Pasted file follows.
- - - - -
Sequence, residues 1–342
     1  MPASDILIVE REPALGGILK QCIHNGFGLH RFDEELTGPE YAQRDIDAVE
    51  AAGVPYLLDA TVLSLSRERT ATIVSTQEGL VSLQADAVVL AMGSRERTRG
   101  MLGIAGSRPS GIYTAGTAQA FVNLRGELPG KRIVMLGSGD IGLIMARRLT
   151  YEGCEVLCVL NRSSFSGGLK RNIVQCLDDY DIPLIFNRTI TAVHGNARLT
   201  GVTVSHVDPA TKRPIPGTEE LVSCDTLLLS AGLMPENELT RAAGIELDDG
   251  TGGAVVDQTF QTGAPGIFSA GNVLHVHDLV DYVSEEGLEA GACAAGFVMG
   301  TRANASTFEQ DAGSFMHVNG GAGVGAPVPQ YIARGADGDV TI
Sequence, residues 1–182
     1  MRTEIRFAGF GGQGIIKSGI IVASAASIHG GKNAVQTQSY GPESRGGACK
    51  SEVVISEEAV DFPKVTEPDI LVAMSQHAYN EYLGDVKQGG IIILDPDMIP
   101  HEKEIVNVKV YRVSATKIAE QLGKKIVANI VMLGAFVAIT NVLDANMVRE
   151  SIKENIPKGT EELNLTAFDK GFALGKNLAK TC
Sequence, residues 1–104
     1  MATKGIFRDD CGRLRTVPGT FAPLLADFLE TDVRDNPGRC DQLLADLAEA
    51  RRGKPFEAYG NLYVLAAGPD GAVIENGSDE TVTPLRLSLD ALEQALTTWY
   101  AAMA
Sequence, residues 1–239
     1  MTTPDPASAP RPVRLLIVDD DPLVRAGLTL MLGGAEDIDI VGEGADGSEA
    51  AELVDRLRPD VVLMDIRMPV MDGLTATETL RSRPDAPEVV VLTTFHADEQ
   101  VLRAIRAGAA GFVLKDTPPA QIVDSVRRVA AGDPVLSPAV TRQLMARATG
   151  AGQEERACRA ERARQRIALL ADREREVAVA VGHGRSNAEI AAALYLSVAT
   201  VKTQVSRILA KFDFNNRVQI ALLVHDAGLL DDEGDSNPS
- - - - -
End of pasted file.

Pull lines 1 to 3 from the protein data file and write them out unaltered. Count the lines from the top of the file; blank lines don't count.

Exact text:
Sequence, residues 1–342
     1  MPASDILIVE REPALGGILK QCIHNGFGLH RFDEELTGPE YAQRDIDAVE
    51  AAGVPYLLDA TVLSLSRERT ATIVSTQEGL VSLQADAVVL AMGSRERTRG